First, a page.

Taking a look at the Rangers “controversial” pick, Olof Lindbom
Many fans were angered at the Rangers’ second round selection, Swedish goalie Olof Lindbom. And I must admit, I was too. There is simply no need for a goalie. Alexandar Georgiev, who spent ten games of his season in the NHL, along with top goalie prospect Igor Shestyorkin, the Rangers seem to be set at goalie. So why would they take a goalie when they have these two assets? Also worth noting, is that there were many highly ranked prospects still left on the board, such as Missisauga center Ryan McLeod, US U18 Team defenseman Bode Wilde, and Niagara IceDogs assistant captain Akil Thomas.
Well, we all should know that the Rangers and their coaching staff don’t like taking the best player available, but rather the one that they like the most, and/or best fits their needs. But that still doesn’t really explain why they took Lindbom. However, Rick Carpiniello has reported that NYR goalie coach Benoit Allaire was “thrilled” with the selection, which provides a little bit of relief regarding the fit of the second-round pick.
A source says that Rangers goalie whisperer Benoit Allaire was thrilled with the selection of goalie Olof Lindbom, FWIW. More on that in @TheAthleticNYC later. #NYR
— Rick Carpiniello (@RickCarpiniello) June 23, 2018
Let’s take a look at Lindbom’s stats and playing history to try and justify this selection.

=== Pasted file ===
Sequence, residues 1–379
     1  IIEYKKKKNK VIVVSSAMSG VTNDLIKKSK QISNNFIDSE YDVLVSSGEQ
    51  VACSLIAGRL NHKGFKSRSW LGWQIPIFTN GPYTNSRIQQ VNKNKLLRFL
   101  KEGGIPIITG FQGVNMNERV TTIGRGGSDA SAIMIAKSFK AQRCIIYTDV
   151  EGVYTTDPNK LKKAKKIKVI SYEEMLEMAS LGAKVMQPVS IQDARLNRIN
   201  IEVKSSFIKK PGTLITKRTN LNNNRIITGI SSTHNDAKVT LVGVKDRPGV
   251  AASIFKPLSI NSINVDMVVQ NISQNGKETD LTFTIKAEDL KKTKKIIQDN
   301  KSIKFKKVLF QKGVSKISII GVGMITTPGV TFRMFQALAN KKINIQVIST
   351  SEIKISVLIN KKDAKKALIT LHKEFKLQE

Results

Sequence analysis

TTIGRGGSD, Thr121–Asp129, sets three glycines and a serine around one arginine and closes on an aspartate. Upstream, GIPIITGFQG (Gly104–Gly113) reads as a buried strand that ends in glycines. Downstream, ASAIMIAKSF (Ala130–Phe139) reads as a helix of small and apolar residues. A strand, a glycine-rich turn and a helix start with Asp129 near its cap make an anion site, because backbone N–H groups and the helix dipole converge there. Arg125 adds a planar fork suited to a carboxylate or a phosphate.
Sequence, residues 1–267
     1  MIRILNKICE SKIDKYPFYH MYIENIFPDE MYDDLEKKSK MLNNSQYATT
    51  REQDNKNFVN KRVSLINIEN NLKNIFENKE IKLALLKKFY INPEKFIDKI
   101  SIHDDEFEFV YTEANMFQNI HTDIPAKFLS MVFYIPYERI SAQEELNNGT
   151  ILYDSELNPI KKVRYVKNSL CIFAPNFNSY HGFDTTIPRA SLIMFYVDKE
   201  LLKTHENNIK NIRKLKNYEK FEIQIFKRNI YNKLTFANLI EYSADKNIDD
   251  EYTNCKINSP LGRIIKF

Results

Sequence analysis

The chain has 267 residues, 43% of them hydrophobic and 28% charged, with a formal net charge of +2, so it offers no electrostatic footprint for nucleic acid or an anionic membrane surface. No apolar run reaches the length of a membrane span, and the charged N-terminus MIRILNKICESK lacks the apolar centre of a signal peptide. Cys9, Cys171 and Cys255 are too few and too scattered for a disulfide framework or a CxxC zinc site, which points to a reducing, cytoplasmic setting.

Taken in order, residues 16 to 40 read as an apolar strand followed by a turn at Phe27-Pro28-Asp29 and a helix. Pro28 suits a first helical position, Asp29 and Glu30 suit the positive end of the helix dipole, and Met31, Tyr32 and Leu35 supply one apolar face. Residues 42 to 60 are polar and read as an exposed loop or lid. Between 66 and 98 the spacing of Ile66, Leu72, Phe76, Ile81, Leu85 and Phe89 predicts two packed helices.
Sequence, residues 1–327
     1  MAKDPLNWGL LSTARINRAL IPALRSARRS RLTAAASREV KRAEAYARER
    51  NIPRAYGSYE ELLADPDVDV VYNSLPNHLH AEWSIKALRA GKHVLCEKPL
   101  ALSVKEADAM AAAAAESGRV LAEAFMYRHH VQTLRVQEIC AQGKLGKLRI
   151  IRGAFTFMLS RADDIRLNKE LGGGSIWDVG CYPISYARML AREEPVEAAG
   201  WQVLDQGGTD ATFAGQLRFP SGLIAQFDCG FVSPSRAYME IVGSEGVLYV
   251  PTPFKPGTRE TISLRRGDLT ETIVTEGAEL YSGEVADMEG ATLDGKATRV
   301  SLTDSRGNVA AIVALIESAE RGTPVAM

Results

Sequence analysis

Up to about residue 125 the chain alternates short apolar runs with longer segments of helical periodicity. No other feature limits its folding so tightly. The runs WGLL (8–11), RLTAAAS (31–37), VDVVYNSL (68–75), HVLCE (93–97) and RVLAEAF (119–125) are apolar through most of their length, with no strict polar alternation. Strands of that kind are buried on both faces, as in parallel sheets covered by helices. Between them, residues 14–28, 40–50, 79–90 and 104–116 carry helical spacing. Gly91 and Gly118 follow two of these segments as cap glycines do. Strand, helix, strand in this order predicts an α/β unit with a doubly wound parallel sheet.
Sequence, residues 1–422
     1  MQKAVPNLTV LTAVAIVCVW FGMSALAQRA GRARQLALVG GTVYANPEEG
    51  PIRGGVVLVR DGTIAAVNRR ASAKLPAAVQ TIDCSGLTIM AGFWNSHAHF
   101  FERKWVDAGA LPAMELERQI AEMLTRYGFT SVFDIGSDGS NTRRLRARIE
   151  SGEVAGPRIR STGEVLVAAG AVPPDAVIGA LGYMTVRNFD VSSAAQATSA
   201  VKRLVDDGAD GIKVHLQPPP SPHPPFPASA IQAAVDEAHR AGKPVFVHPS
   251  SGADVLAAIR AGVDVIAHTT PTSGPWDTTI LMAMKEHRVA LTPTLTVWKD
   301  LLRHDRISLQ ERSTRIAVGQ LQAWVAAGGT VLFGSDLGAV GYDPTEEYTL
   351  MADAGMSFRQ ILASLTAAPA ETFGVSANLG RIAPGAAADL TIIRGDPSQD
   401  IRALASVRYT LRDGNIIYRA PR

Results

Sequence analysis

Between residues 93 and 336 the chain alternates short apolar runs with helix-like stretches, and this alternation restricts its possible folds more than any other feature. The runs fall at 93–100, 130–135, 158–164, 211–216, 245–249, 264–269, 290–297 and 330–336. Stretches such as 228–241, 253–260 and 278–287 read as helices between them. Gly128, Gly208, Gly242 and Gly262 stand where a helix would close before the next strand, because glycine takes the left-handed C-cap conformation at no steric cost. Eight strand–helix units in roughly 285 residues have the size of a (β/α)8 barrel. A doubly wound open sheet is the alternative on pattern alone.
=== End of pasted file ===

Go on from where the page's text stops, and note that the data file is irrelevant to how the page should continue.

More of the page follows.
The first upside of Lindbom is that he was ranked 53rd overall in TSN’s Bob McKenzie’s Final Draft Ranking. He was the second ranked goalie, behind Drummondville netminder Olivier Rodrigue, who was only ranked four spots higher at 49.
Lindbom is an underager, meaning he was still 17 years old at the time of the draft. He turns 18 on July 23rd. Lindbom has plenty of time to improve his game, especially because of our next reason.
Lindbom is almost a lock to play in the World Junior Championships. Last year, he played for the Swedes at the U18 WJCs, and was named the best goaltender in the tournament. He led Sweden to a bronze medal, and was also named to the tournament’s All-Star Team. Also last year, he was a part of the Ivan Hlinka Memorial squad, and earned another bronze medal with Team Sweden. And even before that, in 2016-17 he played in the Under-17 World Hockey Challenge. Lindbom and his teammates made it to the top, winning the gold. Lindbom was also named to the All-Star Team at the WHC.
This past season, Lindbom split time between Djurgârdens IF’s J18 and J20 teams. He played one game with the J18 team, and 20 with the J20s. In his one game with the J18 team, he shined. He finished the game with 23 saves on 24 shots, a .958 save percentage, and a .99 GAA. Up in the J20, his stats were a little less eye-popping, as he played 20 games, leading up to a .897 save percentage, and a 3.10 GAA. Lindbom seemed to perform much better with kids his own age, as at the U18 WJCs, he had a .949 save percentage, and a 1.66 GAA.
As we can see in the video of Lindbom fighting off a late US surge, he can perform very well when under pressure. He plays very deep in his net, somewhat similar to the Rangers star goalie Henrik Lundqvist. Perhaps the similarities to Lundqvist are what thrilled Allaire and NYR Head Scout Gordie Clark.
After going over these stats and appearances, the selection makes more sense. Now that you have more insight into the Rangers’ newest netminder, has your opinion changed? Sound off in the comments below.